6. Understand your MDM hub’s data model and how it integrates with your internal source systems and external content providers:
When data model problems cropped up relatively late in the project, whether it was a disconnect between the hub and an important source system, or a misalignment between data modeled in the hub and an external information provider, it was very disruptive. These problems can be avoided by really understanding how the hub is designed, and then mapping that back to your source systems and your external information sources.

7. Identify the project’s mission and business values:
This is another important area that needs it’s due attention. A clear project mission and business value definition helps in making sure high ROI is thought for and planned after in the process. One must link the initiatives to actionable insights.

8. Choose the best technology platform:
Choosing a good technology is important as well. Remeber, you don’t change your technology daily, so putting some thought and research into it makes a lot of different in sustainability of the project. A good technology should help organization grow to next several years without presenting too much growth bottlenecks.

9. Be real and plan a multi-domain design:
In a real world, many MDM technologies grew up managing one particular type of master data. A good strategy must be consistent across. So, applying the same approach to the various master data domains, whether those be customer, product, asset, supplier, location or person is a good strategy.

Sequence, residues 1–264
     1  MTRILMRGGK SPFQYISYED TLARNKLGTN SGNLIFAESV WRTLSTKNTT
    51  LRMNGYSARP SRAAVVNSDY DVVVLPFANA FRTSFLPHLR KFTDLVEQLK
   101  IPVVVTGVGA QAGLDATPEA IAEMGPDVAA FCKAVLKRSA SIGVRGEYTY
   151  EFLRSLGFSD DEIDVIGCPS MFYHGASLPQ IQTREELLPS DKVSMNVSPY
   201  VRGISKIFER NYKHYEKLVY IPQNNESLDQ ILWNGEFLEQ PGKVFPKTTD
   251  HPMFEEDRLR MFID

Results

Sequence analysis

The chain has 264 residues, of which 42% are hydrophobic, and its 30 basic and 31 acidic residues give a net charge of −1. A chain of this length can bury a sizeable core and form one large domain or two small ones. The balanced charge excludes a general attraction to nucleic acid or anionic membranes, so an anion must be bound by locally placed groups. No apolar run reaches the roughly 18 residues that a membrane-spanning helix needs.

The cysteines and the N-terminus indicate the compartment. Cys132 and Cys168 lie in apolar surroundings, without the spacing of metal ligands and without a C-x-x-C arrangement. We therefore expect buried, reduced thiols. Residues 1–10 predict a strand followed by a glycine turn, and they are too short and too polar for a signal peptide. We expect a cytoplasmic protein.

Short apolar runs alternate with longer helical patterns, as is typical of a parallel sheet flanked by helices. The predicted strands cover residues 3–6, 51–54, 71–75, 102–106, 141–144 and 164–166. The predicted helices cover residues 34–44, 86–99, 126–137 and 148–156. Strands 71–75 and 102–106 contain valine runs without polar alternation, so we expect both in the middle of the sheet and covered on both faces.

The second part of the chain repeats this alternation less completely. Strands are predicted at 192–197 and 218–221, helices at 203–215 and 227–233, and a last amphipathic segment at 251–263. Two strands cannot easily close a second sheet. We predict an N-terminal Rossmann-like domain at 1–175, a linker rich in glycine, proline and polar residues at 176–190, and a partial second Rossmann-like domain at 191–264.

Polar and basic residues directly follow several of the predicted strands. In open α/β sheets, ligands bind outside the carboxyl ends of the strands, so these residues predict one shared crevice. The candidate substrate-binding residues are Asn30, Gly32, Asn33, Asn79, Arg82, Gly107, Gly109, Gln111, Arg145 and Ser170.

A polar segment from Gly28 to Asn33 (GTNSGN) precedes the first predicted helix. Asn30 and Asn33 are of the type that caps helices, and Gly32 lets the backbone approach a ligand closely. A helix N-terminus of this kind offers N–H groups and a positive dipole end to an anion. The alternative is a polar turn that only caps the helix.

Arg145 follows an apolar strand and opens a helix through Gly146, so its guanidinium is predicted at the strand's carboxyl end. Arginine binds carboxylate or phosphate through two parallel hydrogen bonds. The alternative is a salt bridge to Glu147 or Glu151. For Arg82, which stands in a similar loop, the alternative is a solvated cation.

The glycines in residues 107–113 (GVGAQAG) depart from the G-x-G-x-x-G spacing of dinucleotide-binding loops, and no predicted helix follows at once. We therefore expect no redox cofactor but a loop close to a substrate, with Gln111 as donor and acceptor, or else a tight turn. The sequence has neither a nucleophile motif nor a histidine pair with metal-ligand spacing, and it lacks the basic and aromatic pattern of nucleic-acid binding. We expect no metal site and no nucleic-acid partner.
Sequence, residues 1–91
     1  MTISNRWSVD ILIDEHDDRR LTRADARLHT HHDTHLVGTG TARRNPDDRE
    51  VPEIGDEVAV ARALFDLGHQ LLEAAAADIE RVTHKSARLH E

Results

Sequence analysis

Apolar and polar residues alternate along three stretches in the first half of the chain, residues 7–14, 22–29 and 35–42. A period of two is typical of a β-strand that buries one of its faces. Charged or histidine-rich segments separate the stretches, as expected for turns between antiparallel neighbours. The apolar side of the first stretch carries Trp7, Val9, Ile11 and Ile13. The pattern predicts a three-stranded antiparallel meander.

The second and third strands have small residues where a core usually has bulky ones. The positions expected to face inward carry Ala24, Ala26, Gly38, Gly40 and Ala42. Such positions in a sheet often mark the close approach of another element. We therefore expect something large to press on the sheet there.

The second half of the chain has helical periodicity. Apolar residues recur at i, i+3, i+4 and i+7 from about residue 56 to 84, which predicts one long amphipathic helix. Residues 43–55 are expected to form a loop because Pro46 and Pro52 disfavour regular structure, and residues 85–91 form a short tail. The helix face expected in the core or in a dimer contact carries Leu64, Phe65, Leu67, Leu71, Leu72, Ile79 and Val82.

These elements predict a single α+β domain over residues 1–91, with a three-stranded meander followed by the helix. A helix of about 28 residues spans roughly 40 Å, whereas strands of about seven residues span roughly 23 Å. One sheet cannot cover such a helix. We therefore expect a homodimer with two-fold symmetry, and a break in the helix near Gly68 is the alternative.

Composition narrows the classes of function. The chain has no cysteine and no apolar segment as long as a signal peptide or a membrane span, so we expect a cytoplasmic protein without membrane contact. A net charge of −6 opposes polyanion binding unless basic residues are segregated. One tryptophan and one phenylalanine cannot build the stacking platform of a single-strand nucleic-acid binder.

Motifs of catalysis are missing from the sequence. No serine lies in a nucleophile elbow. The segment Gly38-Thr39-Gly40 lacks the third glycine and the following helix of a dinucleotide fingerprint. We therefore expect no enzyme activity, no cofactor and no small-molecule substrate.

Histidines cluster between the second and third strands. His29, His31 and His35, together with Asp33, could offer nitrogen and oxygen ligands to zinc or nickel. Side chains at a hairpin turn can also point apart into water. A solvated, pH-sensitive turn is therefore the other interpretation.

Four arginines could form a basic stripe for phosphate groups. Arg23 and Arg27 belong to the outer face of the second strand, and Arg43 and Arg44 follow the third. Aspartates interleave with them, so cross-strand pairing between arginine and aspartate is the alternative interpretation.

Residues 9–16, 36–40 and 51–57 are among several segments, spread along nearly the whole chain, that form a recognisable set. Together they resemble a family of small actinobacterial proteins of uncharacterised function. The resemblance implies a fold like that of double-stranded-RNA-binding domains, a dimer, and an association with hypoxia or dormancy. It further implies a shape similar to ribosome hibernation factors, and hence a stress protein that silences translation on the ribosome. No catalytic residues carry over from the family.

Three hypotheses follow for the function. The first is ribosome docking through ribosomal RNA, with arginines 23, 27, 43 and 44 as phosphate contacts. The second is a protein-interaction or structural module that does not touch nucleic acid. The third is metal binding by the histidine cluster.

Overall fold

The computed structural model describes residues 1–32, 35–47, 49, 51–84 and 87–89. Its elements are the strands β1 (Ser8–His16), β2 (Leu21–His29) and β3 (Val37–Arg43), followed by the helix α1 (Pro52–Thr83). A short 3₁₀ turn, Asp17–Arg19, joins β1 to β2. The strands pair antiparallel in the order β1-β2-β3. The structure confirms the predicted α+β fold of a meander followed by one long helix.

10. Active, involved executive sponsorship:
Most organizations are very comfortable with their “islands of data” and with technology being implemented in silos. For someone in the organization to come along and suggest changing that status quo, and to start managing critical information centrally, treating it as a true corporate asset, is going to mean some serious cultural change.

11. Use a holistic approach – people, process, technology and information:
This may be the most important best practice. You’ve got to start with the people, the politics, the culture, and then to make sure you spend at least as much time on the business processes involved in data governance and data stewardship. These really deserve a separate article of their own.

12. Pay attention to organizational governance:
You must have a very strong governance model that addresses issues such as change management and knowledge transfer. Afterall, the culture in an organization is a most important entity and a sorted plan to derisk project from it ensures success.

13. Build your processes to be ongoing and repeatable, supporting continuous improvement:
Data governance is a long term proposition. As a reality of any enterprise life, as long as one is in business, enterprise will be creating, modifying, and using master data. So if everyone in the company relies on them, but no one is specifically accountable for maintaining and certifying their level of quality, it shouldn’t be a surprise that, over time, like everything else, they become more and more chaotic and unusable. So plan from the beginning for a “way of life”, not a project.

14. Have a big vision, but take small steps:
Consider the ultimate goal, but limit the scope of the initial deployment, users told Ventana. Once master data management is working in one place, extend it step by step, they advised. Business processes, rather than technology, are often the mitigating factor, they said, so it’s important to get end-user input early in the process.

15. Consider potential performance problems: